FARMER GROUPS on Monday sought stronger provisions against land conversion in House Bill (HB) No. 8162 or the National Land Use Act (NaLUA), saying the current draft is not enough to protect small farmers.
“One of the most glaring problems with HB 8162 is its lack of a provision that explicitly prohibits the conversion of agricultural lands,” said National Network of Agrarian Reform Advocates-Youth Spokesperson Marina Cavan in a statement.
“This is a major concern, as the conversion of agricultural lands to other uses, such as housing and commercial development has a number of negative consequences, including food crises and environmental degradation,” she said.
The House of Representatives approved the bill last week on second reading.
The measure seeks to provide a framework for determining the best use of land and resources. It will also create the National Land Use Commission under the office of the President, which will draft the National Physical Framework Plan that will set guidelines on managing the country’s land and other physical resources.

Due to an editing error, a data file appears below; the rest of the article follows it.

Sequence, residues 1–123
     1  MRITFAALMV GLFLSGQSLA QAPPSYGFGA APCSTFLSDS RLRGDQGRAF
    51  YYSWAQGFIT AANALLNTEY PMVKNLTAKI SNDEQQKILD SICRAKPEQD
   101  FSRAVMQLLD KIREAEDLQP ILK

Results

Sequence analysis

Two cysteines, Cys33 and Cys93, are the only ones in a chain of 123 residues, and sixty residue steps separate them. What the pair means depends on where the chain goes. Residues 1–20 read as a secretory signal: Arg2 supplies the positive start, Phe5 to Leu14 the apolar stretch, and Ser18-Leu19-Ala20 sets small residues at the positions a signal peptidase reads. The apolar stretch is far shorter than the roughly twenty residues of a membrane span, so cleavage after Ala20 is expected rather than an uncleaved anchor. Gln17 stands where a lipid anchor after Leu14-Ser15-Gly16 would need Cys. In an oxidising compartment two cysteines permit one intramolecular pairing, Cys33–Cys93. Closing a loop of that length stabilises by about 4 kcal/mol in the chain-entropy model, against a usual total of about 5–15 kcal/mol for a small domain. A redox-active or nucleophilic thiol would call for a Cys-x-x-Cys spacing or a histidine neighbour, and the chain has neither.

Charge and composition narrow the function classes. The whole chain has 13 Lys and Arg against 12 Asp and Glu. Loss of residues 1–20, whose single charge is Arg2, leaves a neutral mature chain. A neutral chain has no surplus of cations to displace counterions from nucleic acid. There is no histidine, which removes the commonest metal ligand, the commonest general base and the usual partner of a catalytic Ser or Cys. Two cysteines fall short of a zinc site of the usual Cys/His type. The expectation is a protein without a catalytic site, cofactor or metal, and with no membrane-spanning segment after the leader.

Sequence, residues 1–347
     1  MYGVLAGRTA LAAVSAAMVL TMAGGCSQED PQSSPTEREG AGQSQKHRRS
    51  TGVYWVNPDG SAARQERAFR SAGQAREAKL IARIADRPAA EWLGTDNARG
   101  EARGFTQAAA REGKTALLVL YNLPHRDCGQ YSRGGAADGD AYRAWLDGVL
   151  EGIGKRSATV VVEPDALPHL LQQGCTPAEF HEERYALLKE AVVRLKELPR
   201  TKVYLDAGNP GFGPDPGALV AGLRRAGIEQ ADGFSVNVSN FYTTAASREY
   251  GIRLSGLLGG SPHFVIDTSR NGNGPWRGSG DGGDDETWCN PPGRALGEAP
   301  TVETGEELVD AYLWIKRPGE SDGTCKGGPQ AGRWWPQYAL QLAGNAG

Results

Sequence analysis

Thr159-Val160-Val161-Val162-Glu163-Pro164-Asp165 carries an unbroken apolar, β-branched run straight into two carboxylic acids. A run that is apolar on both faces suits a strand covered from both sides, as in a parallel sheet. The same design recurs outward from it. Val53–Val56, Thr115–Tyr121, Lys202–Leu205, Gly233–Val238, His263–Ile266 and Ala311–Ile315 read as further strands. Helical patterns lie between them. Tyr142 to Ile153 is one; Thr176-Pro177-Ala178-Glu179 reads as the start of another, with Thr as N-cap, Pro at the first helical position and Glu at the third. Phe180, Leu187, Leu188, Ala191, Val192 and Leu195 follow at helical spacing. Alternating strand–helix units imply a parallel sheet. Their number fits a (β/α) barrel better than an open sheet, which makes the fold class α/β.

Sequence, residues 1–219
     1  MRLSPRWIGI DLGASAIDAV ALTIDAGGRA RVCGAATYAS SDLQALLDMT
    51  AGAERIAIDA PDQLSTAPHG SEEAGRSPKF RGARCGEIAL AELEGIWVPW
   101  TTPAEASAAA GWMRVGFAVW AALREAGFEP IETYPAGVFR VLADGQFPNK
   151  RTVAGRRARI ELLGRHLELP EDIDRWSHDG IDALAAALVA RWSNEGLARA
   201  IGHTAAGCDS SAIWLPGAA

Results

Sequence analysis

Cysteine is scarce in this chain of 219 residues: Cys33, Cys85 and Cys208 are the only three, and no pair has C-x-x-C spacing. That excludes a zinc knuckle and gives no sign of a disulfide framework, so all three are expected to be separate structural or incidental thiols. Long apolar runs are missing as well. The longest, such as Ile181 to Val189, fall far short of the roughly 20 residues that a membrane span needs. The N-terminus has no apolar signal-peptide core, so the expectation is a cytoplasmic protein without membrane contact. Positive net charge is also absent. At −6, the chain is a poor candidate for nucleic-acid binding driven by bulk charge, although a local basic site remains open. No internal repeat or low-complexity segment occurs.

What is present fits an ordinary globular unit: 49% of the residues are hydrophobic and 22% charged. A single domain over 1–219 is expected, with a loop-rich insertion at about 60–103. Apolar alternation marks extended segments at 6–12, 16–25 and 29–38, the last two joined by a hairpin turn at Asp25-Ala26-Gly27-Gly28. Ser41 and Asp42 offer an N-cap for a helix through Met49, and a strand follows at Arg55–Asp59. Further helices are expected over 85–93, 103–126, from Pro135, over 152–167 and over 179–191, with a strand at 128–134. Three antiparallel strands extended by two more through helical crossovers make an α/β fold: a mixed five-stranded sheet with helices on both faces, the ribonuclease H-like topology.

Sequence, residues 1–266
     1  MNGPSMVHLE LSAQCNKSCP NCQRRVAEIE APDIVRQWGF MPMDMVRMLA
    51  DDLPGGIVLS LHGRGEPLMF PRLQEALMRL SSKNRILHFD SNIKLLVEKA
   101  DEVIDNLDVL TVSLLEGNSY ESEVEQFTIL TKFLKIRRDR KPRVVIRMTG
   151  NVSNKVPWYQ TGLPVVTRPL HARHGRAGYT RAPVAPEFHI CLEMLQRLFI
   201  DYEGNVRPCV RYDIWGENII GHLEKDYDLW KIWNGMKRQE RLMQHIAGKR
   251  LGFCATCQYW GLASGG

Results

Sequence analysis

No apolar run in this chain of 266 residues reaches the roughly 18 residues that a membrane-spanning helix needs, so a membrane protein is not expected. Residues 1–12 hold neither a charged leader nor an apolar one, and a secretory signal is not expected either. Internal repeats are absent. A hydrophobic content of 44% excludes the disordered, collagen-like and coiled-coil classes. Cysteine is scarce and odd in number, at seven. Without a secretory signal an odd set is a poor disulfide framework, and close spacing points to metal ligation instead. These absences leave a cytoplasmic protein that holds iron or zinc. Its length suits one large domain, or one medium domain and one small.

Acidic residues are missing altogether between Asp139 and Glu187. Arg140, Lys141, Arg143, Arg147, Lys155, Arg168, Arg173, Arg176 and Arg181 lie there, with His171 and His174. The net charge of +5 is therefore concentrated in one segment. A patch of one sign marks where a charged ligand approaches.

“NaLUA was crafted without the participation of small farmers, fishers, urban poor, and indigenous people who are bound to be drastically affected by the bill,” said Ms. Cavan.
“We believe that national land use policy that is truly in the interests of the Filipino people must be based on the principles of agrarian reform, rural development, and national industrialization.”
In a separate statement, Kilusang Magbubukid ng Pilipinas Chairperson Danilo H. Ramos said the bill should prioritize benefits for Filipinos and “should not be for big businesses and profits.”
“On the basis, self-sufficiency and the development of the local agriculture industry are not part of NaLUA’s goal. This threatens to conform to business interests and worsen the problem on land use,” he said in Filipino.
Both groups reiterated their call for the passage of the Genuine Agrarian Reform Bill, which they believe contains a “just and equitable land use policy” that serves the interest of majority of Filipinos. — Sheldeen Joy Talavera